Losing one's day in court

For plaintiffs, the state secrets privilege frequently means never being able to argue their case in court -- or win compensation. Beeson, who represents el-Masri and filed a brief to the U.S. Supreme Court on behalf of Edmonds, said that in state secrets cases, "the government has given no consideration to remedying the plaintiffs.

"I've never heard of a case where the government has been supportive of some other remedy through Congress, through a private bill or other means. I don't think that it's even remotely likely that Congress will do anything to help this man [El-Masri]. There's no recourse for him."

Congress has the authority to pass so-called private bills to benefit people by granting them money or relieving them from a legal obligation.

No one introduced a private bill for Edmonds, despite that an FBI internal investigation confirmed her allegations that a coworker had unreported contacts with a foreign official whose communications he was charged with translating.

Tom Devine, legal director of the Government Accountability Project, agreed that there's little recourse.

"We've tried [to get private bills] for numerous whistleblowers, but never got anywhere," he said. "In our experience that's always been like the pot of gold at rainbow's end."

Some government officials recognize the privilege's effect on government whistleblowers. Rep. Christopher Shays (R-Conn.) introduced a bill that would limit its use in such suits. "National security whistleblowers tell us when things go wrong," Shays said in a February House Government Reform Committee hearing. "But those with whom we trust the nation's secrets are too often treated like second-class citizens when it comes to asserting their rights to speak truth to power."

In addition to losing one's day in court, invocation of the state secrets privilege may also mean erasing an entire legal doctrine for a particular type of plaintiff -- namely intelligence agency employees.

U.S. District Court Judge Gerald Bruce Lee in Alexandria, Va., concluded in Sterling v. Tenet that Jeffrey Sterling could not bring a race discrimination case against the CIA because it would have required deposing covert operatives and introducing evidence about CIA operatives' job responsibilities. This theory could potentially apply to other cases in which CIA agents allege unlawful employment discrimination.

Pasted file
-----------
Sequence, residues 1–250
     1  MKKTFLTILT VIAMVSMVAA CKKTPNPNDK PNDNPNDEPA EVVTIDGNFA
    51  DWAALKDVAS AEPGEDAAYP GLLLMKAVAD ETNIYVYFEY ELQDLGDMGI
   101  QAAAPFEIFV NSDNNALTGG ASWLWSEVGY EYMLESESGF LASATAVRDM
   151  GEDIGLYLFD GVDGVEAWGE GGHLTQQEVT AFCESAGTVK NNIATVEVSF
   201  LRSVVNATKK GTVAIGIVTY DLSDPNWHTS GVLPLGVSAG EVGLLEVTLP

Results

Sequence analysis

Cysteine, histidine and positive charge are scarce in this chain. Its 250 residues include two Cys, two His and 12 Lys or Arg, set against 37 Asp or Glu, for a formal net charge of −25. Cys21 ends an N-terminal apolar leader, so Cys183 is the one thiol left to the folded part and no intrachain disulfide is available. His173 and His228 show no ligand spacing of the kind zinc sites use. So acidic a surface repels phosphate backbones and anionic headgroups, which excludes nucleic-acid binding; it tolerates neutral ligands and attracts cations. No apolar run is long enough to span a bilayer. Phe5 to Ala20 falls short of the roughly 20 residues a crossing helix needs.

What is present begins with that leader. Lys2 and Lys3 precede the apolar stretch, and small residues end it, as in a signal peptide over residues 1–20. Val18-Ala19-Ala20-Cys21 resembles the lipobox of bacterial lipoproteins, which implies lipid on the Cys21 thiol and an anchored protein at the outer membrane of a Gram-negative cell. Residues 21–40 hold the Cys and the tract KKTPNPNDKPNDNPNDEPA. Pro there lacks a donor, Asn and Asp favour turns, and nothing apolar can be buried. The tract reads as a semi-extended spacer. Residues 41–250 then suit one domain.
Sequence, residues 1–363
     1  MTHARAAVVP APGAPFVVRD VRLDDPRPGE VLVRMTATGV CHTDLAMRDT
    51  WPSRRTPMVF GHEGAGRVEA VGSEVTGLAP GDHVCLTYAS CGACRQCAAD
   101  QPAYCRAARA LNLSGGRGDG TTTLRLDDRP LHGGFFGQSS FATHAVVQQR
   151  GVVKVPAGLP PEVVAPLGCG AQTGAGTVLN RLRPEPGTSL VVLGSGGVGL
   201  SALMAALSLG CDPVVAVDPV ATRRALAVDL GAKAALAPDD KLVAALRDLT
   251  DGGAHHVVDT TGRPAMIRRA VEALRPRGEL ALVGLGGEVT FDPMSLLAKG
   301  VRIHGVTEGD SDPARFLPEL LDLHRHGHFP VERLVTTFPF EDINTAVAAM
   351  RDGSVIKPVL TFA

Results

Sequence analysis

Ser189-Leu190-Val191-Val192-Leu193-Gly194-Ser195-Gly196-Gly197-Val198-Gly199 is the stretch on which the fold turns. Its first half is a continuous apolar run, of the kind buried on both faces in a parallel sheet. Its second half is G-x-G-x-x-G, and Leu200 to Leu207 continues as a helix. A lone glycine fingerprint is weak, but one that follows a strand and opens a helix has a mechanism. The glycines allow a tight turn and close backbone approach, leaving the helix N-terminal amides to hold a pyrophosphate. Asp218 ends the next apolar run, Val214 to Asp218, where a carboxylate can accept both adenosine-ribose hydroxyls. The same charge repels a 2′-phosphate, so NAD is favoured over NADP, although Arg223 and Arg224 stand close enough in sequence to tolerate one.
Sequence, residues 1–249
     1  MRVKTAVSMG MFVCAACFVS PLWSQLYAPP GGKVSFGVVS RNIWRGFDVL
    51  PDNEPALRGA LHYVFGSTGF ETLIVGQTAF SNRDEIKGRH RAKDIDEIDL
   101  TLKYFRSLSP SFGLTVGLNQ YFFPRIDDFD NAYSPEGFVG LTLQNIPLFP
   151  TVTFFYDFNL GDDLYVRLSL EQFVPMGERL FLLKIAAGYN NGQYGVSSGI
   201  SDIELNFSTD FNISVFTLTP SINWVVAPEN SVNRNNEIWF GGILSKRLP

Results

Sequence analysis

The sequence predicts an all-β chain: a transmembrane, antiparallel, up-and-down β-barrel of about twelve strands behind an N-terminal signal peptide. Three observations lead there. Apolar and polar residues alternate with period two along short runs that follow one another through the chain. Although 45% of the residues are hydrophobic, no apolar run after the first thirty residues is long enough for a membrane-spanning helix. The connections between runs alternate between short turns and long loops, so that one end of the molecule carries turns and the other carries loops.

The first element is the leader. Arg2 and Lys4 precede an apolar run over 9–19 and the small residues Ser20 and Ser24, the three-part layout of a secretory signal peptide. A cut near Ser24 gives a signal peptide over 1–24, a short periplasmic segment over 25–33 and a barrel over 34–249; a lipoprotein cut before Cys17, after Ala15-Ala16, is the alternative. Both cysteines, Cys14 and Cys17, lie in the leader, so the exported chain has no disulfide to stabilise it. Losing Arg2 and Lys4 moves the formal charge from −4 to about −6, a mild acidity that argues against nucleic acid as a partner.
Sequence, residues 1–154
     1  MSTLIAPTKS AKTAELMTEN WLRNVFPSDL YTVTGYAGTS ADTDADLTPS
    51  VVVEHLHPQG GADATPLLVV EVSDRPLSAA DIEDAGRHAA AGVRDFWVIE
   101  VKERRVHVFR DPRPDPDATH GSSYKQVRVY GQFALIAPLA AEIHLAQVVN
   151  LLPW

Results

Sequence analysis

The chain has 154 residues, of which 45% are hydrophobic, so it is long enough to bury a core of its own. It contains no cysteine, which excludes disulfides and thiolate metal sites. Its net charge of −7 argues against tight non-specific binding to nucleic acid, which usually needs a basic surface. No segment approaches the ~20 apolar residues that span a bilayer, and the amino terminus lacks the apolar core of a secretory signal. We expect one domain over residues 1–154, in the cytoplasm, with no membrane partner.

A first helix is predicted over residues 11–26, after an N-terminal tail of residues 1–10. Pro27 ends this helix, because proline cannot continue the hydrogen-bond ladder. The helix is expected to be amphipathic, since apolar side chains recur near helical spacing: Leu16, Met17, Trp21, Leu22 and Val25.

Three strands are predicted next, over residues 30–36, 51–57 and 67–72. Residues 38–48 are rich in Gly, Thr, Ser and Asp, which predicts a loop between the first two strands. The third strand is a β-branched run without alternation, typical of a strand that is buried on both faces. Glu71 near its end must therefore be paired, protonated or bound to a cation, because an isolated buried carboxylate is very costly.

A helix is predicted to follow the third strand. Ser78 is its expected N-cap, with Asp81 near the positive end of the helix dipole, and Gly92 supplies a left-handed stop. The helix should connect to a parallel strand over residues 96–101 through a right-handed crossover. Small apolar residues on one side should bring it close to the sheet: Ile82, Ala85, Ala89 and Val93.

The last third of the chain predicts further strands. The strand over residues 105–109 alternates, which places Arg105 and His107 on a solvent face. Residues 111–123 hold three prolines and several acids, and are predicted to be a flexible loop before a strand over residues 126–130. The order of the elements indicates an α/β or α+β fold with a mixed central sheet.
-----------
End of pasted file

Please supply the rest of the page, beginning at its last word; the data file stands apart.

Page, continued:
Zaid, who represents Sterling, said that the privilege's cost to plaintiffs could be relieved by creating an alternative system for handling sensitive civil cases. "Congress needs to either create a new federal court like [the Foreign Intelligence Surveillance Court], where there's a rotating base of judges appointed to hear classified proceedings in these cases . . . or give jurisdiction to the administrative agencies, like the Equal Employment Opportunity Commission, to hear these cases. At least the person would have a chance to have their day in court."

Brookner notes that in the criminal context, procedures exist to allow cases to go forward without jeopardizing national security information. The Classified Information Protection Act (CIPA) dictates the procedures litigants must use in these cases, but no judges have agreed to use CIPA procedures for the civil context.

Without oversight, it is difficult to determine the privilege's cost to the public. "Government secrecy prevents reporters from reporting on government programs, Jaffer said. "Because the government invokes the privilege over and over, we have to start asking how that secrecy is affecting the public's ability to evaluate executive branch activity."